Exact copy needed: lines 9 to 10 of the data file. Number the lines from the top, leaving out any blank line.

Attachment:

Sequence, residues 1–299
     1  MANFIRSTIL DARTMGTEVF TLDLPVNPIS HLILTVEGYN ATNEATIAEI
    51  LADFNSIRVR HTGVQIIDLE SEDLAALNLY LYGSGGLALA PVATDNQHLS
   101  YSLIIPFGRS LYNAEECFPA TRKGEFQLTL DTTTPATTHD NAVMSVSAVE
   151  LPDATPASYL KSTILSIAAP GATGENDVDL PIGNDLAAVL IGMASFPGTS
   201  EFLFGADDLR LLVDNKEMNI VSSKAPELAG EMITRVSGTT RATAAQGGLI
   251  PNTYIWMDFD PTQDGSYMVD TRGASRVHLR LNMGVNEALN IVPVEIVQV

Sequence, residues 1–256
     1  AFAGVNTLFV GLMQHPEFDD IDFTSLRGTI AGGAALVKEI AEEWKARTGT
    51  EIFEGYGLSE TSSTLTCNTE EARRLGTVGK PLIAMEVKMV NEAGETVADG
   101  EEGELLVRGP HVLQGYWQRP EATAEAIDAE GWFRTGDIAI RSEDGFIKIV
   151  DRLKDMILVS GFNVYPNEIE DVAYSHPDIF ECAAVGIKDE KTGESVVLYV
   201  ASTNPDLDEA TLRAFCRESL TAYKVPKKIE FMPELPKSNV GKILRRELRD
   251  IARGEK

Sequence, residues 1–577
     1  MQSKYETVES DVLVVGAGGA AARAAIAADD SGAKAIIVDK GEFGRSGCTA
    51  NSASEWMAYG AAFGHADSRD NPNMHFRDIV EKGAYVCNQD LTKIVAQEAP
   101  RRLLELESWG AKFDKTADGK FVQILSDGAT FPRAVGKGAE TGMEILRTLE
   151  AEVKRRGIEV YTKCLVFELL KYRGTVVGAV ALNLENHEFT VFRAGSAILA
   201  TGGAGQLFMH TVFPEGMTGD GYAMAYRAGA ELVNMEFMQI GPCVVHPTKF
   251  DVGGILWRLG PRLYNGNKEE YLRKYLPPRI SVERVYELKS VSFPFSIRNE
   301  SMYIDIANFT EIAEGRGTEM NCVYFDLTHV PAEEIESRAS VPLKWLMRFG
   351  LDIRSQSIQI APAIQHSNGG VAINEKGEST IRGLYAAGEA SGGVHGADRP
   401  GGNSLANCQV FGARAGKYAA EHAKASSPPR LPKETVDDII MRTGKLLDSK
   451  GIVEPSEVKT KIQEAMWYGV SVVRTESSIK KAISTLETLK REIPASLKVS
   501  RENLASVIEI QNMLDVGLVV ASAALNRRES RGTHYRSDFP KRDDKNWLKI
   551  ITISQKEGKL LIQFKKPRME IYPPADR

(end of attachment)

     1  AFAGVNTLFV GLMQHPEFDD IDFTSLRGTI AGGAALVKEI AEEWKARTGT
    51  EIFEGYGLSE TSSTLTCNTE EARRLGTVGK PLIAMEVKMV NEAGETVADG